Events in Ukraine over recent months have transfixed the world. Protests which at first seemed confined to a few streets in the capital Kiev, with echoes in the western regions, have now escalated across the country. Crimea has already become Russian territory; there was a horrific loss of life in Odessa ten days ago; and this weekend’s referendum makes the fate of the Donetsk and Luhansk regions in the east seem increasingly uncertain. As an historian of the Soviet Union, I’ve been asked a number of times by friends and colleagues for my views, and in particular, to give some kind of assessment as to what the future might hold. Will Russia invade? Can Ukraine survive? I have no idea.
In his history of Ukraine, Andrew Wilson called Ukraine an ‘unexpected nation’ . In another recent history, Serhy Yekelchyk has argued that modern Ukraine is not the result of ‘any historical inevitability’ . Nationalist movements certainly existed in the nineteenth and early twentieth century but the cities – the natural centres for this kind of nation-building project – were cosmopolitan, with large Russian and Jewish communities. The First World War, and the revolutions of 1917, gave new energy to the nationalist movements, and were aided, at least in the 1920s, by the Bolsheviks’ desire to avoid the Russifying policies of the Tsars. But the territories that make up post-Soviet Ukraine were brought together into a single political unity only in the wake of the Second World War. All this makes Ukraine a relatively new nation-state. As the violence escalates, it feels increasingly difficult to predict whether this ‘unexpected nation’ state will hold together, and I wouldn’t like to make any prophecies.
So, if the future is opaque, can current events tell us anything about the past? One of the news stories which caught my attention recently was the attempt of five Russian MPs to bring Mikhail Gorbachev, the last leader of the USSR, to trial. He is accused of a ‘betrayal of national interests’. His crime is to have allowed the Soviet Union’s disintegration, which went against popular sentiment: a referendum in March 1991 found 76.4% of those who voted in favour of establishing a union of sovereign republics, i.e. retaining the Soviet Union, albeit with greater power devolved from Moscow. (Six republics did not participate in the referendum; Ukraine did.)  Gorbachev himself has dismissed their attempts as simply a PR stunt, and called it ‘absolutely unreasonable’ from a historical point of view. He is of course right: he fought until the end to reform and preserve the Union. The historian Stephen Cohen has described him as ‘a Lincolnesque figure determined to “preserve the Union”’ at any cost.
But this, and the current Ukrainian crisis, raises questions about how the end of the Soviet Union is understood in Russia today. There is no doubt that there is support for Russian claims to Crimea: for years, I have heard Russian friends nostalgically remembering childhood holidays in Yalta or Feodosiia, and claiming that the peninsula was by rights ‘theirs’. But more than that, many Russians bitterly feel the loss of empire. The 1990s were a traumatic decade: with average wages and pensions plummeting, many felt not only that Russian / Soviet prestige had been lost, but that the country was itself now a victim of a kind of economic colonisation. With the economic recovery of the last ten to fifteen years, Russian nationalism has revived, often taking bellicose forms under Putin’s leadership. The Soviet past has, in some quarters, become an attractive myth, and it is this which has made the partial rehabilitation of Stalin as some kind of national hero possible.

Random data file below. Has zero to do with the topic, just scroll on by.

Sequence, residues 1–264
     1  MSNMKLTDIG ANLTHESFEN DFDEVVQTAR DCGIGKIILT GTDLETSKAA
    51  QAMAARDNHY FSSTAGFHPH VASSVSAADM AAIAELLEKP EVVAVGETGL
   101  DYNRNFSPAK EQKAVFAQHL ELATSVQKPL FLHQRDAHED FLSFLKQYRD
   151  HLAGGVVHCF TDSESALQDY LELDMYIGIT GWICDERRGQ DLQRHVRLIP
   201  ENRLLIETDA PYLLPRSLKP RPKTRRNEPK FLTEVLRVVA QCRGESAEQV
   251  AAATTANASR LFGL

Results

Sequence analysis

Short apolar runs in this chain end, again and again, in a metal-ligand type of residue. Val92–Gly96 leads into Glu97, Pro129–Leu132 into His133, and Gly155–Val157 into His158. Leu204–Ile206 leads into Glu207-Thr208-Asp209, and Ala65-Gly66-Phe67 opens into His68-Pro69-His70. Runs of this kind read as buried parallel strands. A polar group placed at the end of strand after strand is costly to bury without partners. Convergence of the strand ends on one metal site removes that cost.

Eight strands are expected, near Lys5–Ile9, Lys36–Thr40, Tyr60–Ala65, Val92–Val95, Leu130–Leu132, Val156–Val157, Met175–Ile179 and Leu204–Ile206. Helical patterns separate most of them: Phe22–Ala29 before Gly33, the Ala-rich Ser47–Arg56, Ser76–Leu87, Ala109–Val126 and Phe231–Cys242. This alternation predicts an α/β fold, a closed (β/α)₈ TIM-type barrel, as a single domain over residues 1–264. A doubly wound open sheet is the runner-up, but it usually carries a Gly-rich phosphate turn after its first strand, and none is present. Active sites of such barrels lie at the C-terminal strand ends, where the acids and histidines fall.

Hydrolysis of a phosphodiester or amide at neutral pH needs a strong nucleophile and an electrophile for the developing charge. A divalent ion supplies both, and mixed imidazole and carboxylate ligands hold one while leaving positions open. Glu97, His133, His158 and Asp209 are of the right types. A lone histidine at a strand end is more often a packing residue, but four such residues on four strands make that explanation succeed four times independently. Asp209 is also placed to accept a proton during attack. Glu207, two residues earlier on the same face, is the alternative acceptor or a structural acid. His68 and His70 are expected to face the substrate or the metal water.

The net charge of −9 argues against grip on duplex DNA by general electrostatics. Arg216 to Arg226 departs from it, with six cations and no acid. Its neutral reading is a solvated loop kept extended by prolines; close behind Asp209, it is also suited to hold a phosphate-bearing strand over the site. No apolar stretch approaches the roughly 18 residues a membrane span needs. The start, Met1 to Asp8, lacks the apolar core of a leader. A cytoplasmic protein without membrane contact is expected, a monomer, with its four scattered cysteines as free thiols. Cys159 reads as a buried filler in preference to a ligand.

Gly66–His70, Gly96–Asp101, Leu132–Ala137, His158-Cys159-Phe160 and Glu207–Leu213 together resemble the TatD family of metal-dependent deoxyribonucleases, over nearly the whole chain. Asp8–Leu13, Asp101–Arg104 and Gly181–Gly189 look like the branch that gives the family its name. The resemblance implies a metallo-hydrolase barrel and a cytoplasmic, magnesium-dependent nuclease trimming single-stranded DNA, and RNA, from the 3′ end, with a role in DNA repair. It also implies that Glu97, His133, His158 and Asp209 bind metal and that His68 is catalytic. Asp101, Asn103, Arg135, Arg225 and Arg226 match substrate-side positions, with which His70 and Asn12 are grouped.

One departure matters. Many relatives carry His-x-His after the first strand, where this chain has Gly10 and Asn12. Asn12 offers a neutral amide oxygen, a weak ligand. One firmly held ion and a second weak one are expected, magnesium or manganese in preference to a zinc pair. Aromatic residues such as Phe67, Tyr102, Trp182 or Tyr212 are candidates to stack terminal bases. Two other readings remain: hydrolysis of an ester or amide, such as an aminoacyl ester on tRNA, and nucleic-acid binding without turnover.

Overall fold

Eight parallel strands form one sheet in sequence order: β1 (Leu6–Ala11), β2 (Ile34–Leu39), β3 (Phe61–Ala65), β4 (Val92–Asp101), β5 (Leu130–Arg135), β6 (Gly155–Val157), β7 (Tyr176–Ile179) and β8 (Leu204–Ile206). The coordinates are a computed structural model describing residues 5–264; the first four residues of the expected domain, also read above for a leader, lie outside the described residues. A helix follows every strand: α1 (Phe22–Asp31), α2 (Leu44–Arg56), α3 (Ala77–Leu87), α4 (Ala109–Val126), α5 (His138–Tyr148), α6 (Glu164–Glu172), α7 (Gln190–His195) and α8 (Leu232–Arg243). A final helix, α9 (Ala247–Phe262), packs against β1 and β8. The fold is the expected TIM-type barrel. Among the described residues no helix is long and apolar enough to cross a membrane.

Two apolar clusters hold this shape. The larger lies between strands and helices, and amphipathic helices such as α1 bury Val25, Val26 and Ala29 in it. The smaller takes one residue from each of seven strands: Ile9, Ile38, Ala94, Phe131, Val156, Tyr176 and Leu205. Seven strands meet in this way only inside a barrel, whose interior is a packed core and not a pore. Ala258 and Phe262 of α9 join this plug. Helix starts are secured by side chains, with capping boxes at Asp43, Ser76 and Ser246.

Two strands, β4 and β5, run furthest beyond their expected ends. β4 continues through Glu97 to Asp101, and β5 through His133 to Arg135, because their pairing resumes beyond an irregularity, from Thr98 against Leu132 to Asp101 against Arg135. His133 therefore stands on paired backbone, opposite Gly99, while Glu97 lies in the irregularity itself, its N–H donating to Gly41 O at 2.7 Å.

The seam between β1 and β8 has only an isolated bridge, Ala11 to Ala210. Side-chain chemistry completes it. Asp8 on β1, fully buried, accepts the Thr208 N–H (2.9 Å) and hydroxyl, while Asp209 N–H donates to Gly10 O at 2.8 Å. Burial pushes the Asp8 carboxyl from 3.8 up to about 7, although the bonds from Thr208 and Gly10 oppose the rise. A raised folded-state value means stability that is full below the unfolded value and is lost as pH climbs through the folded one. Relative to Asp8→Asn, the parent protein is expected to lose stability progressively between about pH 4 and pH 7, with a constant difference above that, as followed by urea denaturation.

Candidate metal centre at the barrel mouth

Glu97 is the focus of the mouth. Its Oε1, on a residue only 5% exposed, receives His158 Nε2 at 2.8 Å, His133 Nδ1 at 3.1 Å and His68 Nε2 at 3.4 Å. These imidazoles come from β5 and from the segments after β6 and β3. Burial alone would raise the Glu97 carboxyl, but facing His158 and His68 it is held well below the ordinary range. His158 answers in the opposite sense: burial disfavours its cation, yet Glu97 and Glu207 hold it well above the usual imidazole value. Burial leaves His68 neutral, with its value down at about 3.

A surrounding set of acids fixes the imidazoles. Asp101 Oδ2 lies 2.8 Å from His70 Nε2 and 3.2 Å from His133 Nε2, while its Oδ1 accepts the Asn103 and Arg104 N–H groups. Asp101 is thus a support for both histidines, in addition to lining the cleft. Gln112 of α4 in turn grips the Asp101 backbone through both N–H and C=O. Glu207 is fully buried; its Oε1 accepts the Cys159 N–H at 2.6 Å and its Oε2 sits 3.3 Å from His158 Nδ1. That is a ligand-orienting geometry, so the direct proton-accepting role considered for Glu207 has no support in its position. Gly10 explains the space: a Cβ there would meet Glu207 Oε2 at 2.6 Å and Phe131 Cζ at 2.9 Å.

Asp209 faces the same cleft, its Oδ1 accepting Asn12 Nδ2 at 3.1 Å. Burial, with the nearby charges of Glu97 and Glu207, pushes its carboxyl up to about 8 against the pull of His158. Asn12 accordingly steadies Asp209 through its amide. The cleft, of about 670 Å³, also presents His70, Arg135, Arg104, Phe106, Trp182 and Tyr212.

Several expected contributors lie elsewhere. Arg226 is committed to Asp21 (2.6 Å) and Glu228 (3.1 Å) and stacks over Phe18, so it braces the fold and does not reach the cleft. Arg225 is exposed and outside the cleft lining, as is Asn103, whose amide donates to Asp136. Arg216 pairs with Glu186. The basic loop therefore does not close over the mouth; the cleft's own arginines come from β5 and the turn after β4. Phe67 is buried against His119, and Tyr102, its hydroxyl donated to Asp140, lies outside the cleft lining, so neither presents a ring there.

How far should this change the way we think and write about, and teach, Soviet history? Is nostalgia for the Soviet past simply a product of the last two and half decades of Russian history? Of the country’s plunge into economic, demographical and geopolitical ignominy, and its subsequent, brittle, resurgence under Putin? Or does it also tell us something about the Soviet past itself? Narratives of the Soviet Union abound in metaphors of decay and decline, some starting the descent into stagnation and collapse as early as 1940s. There’s a tendency to see the Soviet experiment as flawed, its citizens hungry for the kind of political and economic freedoms promised by the ‘west’. But present-day nostalgia for the Soviet past gives pause for thought. Of course, it’s much to do with patriotism and a sense of national pride; of course, the Soviet past people are remembering is an invented one. But if the Soviet ideal was so moribund, for so long, could it be resurrected so easily?
I do not have straight-forward answers to these questions either, but it certainly seems important to reflect on how, and if, our accounts of the Soviet past should be revisited by the reinvention it’s experiencing in Russia today.
Image: Falling of Lenin in Khmelnytskyi Park (February 2014) [Wikicommons]
 Andrew Wilson, The Ukrainians: unexpected nation (New Haven, 2002)
 Serhy Yekelchyk, Ukraine: birth of a modern nation (New York, 2007), p. 6
 Ronal G. Suny, The Revenge of the Past: Nationalism, Revolution and the Collapse of the Soviet Union (Stanford, 1993), p. 150
 Stephen F. Cohen, ‘Was the Soviet System Reformable?’, Slavic Review, 63 (2004), p. 482.